BJP’s Political Journey in Uttar Pradesh : An Insight

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With the announcement of election dates by the Election Commission of India (ECI) on 08 January 2022, the stage has been set for the high-stake 2022 electoral battle in Uttar Pradesh. The announcement of poll schedule has surcharged the political heat in all election bound states of the country, including Uttar Pradesh.

According to the announcements by the ECI, Uttar Pradesh with a total of 403 assembly seats will vote in seven phases, starting February 10 through March 07, 2022. The second phase of UP elections will be held on February 14th, third phase on February 20th, fourth phase on February 23, 5th phase on February 27, 6th phase on March 03, and the 7th and last phase will be conducted on March 07. Voting will take place in 58 assembly constituencies in the first phase, 55 seats in the second phase, 59 seats in the third phase, 60 seats in the fourth phase, 60 seats in the fifth phase, 57 seats in the sixth phase, and the remaining 54 seats in the last and seventh phase on March 07. The counting of votes and declaration of results is scheduled to take place on March 10.

As per the existing political equations in the state, the BJP led NDA, will fight the election battle with its alliance partners – the Apna Dal and the Nishad party, while the opposition Samajwadi Party has announced a tie-up with Shivpal Yadav’s PSP (L), Mahan Dal, OP Rajbhar-led SBSP, RLD, and the Apna Dal faction of Krishna Patel. However, the Congress, BSP, AIMIM, and AAP are going solo in the assembly polls.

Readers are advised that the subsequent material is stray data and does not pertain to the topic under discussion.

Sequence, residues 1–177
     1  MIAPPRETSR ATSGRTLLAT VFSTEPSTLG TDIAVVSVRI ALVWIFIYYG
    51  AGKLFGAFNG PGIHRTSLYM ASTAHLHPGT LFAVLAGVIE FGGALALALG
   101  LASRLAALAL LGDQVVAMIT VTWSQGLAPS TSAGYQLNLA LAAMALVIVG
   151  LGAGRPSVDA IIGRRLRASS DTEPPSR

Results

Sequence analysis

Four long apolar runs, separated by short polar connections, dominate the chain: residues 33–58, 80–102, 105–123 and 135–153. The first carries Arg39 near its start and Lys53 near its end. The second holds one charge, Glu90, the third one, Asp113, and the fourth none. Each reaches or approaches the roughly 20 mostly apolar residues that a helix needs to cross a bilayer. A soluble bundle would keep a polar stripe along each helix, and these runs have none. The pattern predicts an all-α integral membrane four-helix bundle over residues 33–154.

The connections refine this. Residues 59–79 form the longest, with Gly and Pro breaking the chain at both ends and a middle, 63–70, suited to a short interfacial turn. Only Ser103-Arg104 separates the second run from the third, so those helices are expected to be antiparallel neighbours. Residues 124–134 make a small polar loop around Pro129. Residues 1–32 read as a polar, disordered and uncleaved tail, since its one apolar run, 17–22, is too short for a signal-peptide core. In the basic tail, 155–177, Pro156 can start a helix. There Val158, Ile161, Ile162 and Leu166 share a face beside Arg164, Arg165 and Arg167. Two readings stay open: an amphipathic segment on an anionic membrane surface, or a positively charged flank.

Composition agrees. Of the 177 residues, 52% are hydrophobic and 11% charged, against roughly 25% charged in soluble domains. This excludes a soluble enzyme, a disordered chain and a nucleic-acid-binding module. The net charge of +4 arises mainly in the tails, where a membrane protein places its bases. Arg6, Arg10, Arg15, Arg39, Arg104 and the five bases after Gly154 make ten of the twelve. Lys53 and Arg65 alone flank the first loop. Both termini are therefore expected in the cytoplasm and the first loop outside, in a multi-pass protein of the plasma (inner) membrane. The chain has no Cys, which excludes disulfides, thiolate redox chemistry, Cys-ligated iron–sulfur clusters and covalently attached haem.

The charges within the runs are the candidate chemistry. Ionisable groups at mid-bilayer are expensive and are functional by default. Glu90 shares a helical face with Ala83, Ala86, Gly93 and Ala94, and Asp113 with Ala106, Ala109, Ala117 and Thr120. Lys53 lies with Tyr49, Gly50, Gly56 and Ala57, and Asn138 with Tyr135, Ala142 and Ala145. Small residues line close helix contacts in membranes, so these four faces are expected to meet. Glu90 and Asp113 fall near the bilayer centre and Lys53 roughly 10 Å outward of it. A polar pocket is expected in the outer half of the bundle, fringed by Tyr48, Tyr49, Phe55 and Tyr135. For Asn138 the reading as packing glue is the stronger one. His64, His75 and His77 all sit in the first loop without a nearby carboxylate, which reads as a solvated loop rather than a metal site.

The BJP has welcomed the announcement of elections for the state assembly and has launched an aggressive election campaign seeking a verdict for a straight second term based on its stupendous achievements and improved governance delivered over the last five years, notwithstanding the damaging global impact of COVID-19. BJP is not leaving any stone unturned to return to power with an overwhelming majority, that no Party has achieved in recent decades. The party has already released its candidates list for Phase 1 and 2 polls. The first list of 105 candidates also includes Chief Minister Yogi Adityanath and Deputy CM KP Maurya. The party has fielded CM Yogi Adityanath from his bastion- Gorakhpur while Deputy CM Keshav Prasad Maurya will fight from the Sirathu seat in Prayagraj.


In 2017 assembly elections, the BJP stunned its critics by scripting a historic victory in the state – winning 312 assembly seats with a vote share of nearly 40 per cent. This was BJP’s best ever performance in Uttar Pradesh since it got into the electoral fray in the state in 1980. In 2017, the party not only won the maximum number of seats

but also registered its best-ever vote share and the best strike rate in the state. If we look back, the election data shows that the party got 11 seats and 10.76% votes in 1980, 16 seats and 9.83% votes in 1985, 57 seats and 11.61% votes in 1989, 221 seats and 31.45% votes in 1991, 177 seats and 33.3% votes in 1993, 174 seats and 32.52% votes in 1996, 88 seats and 20.09% votes in 2002, 51 seats and 16.97% votes in 2007, 47 seats and 15% votes in 2012, and 312 seats and 39.67% votes in 2017 assembly elections respectively.